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Zerofilling - Part III - Doing the Math

Lets's use the 1 Ghz result as a basis to make some assumptions and work out what it all means. Hopefully you have downloaded the new version of the MulleZerofillCalculator by now, and are playing around with it a little bit.

Source MulleZerofillCalc.src.tgz

These were the measurements taken, enter them in the first four fields of the MulleZerofillCalculator

Operation Time Comment
1p alloc 11.2 vm_allocate( 1p), vm_deallocate( 1p)
1p alloc + fault 24.0 vm_allocate( 1p), page touched - therefore faulted in, vm_deallocate( 1p)
2p alloc 11.5 vm_allocate( 2p), vm_deallocate( 2p)
2p alloc + fault 33.6 vm_allocate( 2p), 2 pages touched - therefore faulted in, vm_deallocate( 2p)

Deriving the Other Fields

Doing 1 million vm_allocate and vm_deallocate calls to allocate and free one page of memory takes 11.2. Doing the same amount of calls for a 2 page memory block takes 11.5. There is apparently a 0.3 overhead incurred per page (page extra cost).

   page extra cost = 2p alloc - 1p alloc
        11.5 - 11.2 = 0.3

Lets assume that allocation and deallocation takes pretty much the same time. Then calls to either vm_allocate or vm_deallocate would be responsible for half the time measured, with the page extra cost taken into account, we arrive at this formula for allocation cost:

   allocation cost = 1p alloc - page extra cost / 2
        (11.2 - 0.3) / 2 = 5.45

For each page allocated in one call, the formula would be allocation cost + page extra cost / 2

The actual mapping of the physical page into userspace and the zerofilling is done during the page fault. Since we measured allocation, page fault and deallocation, the time added because of the actual use of the memory page is the page fault extra cost

   page fault extra cost = 1p alloc + fault - 1p alloc
        24.0 - 11.2 = 12.8

The time spent in allocation can be expected to have been unchanged, since the OS can't very well know in advance, if a page is actually mapped in or not. Deallocation time can be expected to increase, since now physical memory pages must be mapped out. Here another assumption is made, namely that the extra time spent for mapping in and mapping out is the same, so the cost is divided equally on page faulting and deallocation. This object cost is computed as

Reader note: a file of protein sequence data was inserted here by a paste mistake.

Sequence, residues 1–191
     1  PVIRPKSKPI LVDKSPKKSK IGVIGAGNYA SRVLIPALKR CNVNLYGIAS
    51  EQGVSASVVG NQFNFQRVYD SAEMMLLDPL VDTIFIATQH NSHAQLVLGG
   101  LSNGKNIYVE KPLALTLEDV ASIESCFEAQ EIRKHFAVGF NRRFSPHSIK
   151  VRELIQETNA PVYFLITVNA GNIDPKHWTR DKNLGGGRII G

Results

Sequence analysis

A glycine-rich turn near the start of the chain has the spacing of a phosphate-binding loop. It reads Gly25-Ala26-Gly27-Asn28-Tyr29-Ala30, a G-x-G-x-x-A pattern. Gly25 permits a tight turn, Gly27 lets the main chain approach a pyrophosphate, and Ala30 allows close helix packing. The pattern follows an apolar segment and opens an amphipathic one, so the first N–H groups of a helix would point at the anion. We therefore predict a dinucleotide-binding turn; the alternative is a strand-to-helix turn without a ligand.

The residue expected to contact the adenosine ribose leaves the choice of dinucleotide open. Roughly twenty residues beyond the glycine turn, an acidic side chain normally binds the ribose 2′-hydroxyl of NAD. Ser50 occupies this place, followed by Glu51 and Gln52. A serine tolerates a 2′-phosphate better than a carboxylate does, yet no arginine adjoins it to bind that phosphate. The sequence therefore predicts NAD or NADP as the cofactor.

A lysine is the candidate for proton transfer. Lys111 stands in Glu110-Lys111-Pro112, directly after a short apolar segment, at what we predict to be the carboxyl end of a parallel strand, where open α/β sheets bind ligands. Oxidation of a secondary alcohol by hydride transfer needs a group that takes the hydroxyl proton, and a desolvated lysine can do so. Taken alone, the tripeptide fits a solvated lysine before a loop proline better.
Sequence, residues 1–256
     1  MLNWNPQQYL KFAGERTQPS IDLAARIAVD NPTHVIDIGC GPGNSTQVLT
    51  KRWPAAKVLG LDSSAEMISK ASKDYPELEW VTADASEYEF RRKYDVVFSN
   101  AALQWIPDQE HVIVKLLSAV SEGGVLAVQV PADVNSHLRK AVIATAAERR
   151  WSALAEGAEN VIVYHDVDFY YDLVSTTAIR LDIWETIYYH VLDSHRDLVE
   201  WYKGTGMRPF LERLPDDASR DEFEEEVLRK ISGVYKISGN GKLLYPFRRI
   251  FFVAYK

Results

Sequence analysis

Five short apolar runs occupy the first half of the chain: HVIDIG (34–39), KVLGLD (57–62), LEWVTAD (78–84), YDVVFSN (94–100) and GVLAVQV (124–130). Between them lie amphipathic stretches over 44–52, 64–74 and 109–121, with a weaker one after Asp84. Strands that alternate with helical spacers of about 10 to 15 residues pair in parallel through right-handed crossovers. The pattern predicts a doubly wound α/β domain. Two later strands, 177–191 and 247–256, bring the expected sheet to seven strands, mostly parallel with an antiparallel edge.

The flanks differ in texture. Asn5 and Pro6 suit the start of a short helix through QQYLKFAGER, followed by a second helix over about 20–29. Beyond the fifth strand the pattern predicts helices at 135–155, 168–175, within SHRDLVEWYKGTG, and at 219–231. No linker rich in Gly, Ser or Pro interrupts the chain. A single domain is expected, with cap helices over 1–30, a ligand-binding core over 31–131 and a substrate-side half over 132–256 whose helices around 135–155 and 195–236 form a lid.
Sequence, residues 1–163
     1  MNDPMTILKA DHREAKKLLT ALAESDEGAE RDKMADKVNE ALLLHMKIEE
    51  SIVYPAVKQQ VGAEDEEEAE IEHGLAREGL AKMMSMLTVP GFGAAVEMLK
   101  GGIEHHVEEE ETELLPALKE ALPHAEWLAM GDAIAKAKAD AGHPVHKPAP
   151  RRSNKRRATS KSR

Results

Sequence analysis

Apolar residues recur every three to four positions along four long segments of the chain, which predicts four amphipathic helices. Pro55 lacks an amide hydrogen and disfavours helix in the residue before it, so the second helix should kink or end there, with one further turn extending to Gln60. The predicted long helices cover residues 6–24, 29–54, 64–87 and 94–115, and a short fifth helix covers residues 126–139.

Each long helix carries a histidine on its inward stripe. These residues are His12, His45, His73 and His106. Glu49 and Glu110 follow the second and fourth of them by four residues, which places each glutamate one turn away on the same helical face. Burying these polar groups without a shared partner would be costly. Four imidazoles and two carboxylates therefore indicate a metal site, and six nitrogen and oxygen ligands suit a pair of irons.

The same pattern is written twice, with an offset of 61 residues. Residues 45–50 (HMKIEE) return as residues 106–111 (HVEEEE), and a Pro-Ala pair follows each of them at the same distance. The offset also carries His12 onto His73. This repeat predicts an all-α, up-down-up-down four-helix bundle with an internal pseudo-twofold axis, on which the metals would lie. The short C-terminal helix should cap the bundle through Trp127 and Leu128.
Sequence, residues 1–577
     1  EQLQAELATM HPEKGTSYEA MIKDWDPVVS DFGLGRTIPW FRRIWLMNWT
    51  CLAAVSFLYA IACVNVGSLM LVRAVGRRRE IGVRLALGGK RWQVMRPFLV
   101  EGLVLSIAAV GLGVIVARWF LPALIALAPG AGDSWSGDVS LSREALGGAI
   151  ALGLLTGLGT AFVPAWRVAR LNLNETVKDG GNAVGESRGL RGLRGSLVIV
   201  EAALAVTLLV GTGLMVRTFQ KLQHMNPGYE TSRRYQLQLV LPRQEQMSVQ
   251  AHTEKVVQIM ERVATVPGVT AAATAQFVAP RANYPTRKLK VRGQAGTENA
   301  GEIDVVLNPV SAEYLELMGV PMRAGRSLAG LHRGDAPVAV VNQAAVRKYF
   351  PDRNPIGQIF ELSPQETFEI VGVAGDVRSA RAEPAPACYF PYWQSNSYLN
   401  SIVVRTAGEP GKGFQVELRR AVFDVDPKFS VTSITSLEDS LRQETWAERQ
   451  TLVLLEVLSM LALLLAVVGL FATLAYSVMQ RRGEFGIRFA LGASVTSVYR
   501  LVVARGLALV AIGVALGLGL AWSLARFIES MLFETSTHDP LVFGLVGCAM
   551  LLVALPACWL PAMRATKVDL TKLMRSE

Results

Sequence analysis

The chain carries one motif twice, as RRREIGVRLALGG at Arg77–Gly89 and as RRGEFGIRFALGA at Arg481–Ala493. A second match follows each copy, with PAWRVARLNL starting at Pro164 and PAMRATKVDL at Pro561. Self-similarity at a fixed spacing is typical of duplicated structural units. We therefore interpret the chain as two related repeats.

object cost = 2 * (1p alloc + fault - 1p alloc) - (2p alloc + fault - 2p alloc)
        2 * (24.0 - 11.2) - (33.6 - 11.5) = 25.6 - 22.1 = 3.5

This will be evenly shared with the page fault and the deallocation. So the time spent for one page fault is estimated as

   fault + zerofill cost = (2p alloc + fault - 2p alloc) / 2 - object cost / 2
        (33.6 - 11.5) / 2 - 3.5 / 2 = 9.3

and the time for deallocation rises to

   allocation cost + page extra cost / 2 * pages + object cost / 2
        5.45 + 0.3 / 2 * 1 + 3.5 / 2 = 7.5

To get an estimate of the time spent for zerofilling, i assumed that approximately a quarter of the time used for allocation is spent for the actual page faulting. And I compute zerofill cost like this:

   fault + zerofill cost - allocation cost / 4 - object cost / 2
        9.3 - 5.45 / 4 - 3.5 / 2 = 6.15

This in effect weighs zerofilling in at around 50% to 80%, something I observed on my machine using Shark as rather realistic.

Some Observations

Although the computations are in some areas "pi mal Daumen", a few safe observations can nevertheless be made:

  • on all machines observed in a alloc/page fault/dealloc loop, the page fault time is the largest of the three.
  • the time for allocation and deallocation diminishes in significance greatly, with the number of pages allocated in one call. Already with only 4 pages (16 KB) allocated in one call, the time for faulting in and zerofilling the pages takes 80% of the time.

And a little more guessy:

  • of the time spent for allocating and faulting in 4 pages, at least 50% will be spent zero filling

Apparently Mac OS X 10.3 has some optimizations in memory management, as the G4 500 with 10.3 is doing the allocation loops much faster than some faster processors on 10.2.6. The fact that it is still slower overall, is more likely than not a direct result of zerofilling.

  • zero filling is likely to be a bottleneck even more so in 10.3

How to Optimize This

An easy optimization would be to batch fault more pages in when a page fault occurs. For very small allocations, it would probably be advantageous to immediately map in the one or two pages than instead to wait for the page fault to occur and then take the punishment of the fault. I would hazard a guess that in the vast majority of cases a call to vm_allocate will be followed by an access to the first page immediately afterwards.

If faulting optimizations are in effect, then the drag of zerofilling will be even more pronounced. You can optimize zerofilling by not zerofilling :)


This article was sparked of by a private email from Jim Magee concerning my original 1 page benchmark. Whereever some of the above comments and calculations in Deriving the Other Fields make sense, you can attribute it to Jim, where there are mistakes, oversights and errata put the blame on me.